Skip Navigation

Armchair (Renaissance Revival style)

Decorative Arts

On View: 20th-Century Decorative Arts, 4th Floor

This chair was probably made in Milan, Italy, where there was a long tradition of elaborately inlaid furniture. Several versions of the chair are known with American family coats-of-arms and iconography, such as busts of Indians, incorporated into the marquetry, suggesting that these chairs were made specifically for the American market.

MEDIUM Ebony, various woods, ivory, mother-of-pearl, modern upholstery
DATES ca. 1875
DIMENSIONS 39 x 25 7/8 x 26 3/8 in. (99.1 x 65.7 x 67 cm)  (show scale)
MARKINGS no marks
SIGNATURE no signature
INSCRIPTIONS no inscriptions
COLLECTIONS Decorative Arts
MUSEUM LOCATION This item is on view on the 20th-Century Decorative Arts, 4th Floor
CREDIT LINE Gift of Mr. and Mrs. George N. Richard
You may download and use Brooklyn Museum images of this three-dimensional work in accordance with a Creative Commons license. Fair use, as understood under the United States Copyright Act, may also apply.

Please include caption information from this page and credit the Brooklyn Museum. If you need a high resolution file, please contact (charges apply).

For further information about copyright, we recommend resources at the United States Library of Congress, Cornell University, Copyright and Cultural Institutions: Guidelines for U.S. Libraries, Archives, and Museums, and Copyright Watch.

For more information about the Museum's rights project, including how rights types are assigned, please see our blog posts on copyright.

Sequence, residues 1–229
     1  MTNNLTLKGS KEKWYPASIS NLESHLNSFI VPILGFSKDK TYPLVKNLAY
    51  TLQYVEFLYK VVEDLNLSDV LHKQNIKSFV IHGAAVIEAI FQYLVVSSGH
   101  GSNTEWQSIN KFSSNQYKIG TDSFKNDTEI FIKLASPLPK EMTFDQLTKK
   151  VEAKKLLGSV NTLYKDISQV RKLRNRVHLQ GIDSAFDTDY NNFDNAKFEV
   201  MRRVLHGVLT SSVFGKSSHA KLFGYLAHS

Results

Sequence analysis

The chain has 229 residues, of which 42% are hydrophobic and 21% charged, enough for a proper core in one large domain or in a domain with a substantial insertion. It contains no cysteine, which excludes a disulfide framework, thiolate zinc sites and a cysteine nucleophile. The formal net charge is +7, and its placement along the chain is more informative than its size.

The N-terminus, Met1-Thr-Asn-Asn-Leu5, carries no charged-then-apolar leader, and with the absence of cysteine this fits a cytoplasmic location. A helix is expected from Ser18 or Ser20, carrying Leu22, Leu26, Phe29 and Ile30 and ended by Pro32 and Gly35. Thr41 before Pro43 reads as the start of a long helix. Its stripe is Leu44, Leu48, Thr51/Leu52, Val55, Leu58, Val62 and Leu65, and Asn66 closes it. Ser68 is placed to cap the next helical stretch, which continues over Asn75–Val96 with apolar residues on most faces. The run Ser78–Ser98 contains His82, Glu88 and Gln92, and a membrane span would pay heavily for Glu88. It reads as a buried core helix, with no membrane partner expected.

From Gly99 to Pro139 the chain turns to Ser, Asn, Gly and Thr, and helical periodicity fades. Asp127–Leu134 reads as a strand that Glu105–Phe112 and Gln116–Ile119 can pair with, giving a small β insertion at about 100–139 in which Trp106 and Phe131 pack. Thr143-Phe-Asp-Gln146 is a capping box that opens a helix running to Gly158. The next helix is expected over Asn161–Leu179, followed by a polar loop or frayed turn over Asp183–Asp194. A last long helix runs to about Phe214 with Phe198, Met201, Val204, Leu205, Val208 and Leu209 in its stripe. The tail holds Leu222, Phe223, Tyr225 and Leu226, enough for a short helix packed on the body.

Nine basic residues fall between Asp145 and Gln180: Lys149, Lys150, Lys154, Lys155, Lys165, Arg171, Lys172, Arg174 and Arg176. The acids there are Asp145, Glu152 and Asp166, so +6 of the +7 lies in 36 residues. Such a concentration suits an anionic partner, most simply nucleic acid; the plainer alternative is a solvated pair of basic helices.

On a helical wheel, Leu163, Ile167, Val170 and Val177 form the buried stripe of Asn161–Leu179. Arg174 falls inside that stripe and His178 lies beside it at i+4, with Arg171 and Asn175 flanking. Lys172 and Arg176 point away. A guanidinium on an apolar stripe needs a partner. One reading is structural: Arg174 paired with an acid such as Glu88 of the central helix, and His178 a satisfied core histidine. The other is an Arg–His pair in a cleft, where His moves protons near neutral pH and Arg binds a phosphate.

If you have any information regarding this work and rights to it, please contact
CAPTION Armchair (Renaissance Revival style), ca. 1875. Ebony, various woods, ivory, mother-of-pearl, modern upholstery, 39 x 25 7/8 x 26 3/8 in. (99.1 x 65.7 x 67 cm). Brooklyn Museum, Gift of Mr. and Mrs. George N. Richard, 71.95. Creative Commons-BY
IMAGE overall, 71.95_bw.jpg. Brooklyn Museum photograph
"CUR" at the beginning of an image file name means that the image was created by a curatorial staff member. These study images may be digital point-and-shoot photographs, when we don\'t yet have high-quality studio photography, or they may be scans of older negatives, slides, or photographic prints, providing historical documentation of the object.
Not every record you will find here is complete. More information is available for some works than for others, and some entries have been updated more recently. Records are frequently reviewed and revised, and we welcome any additional information you might have.
Armchair (Renaissance Revival style)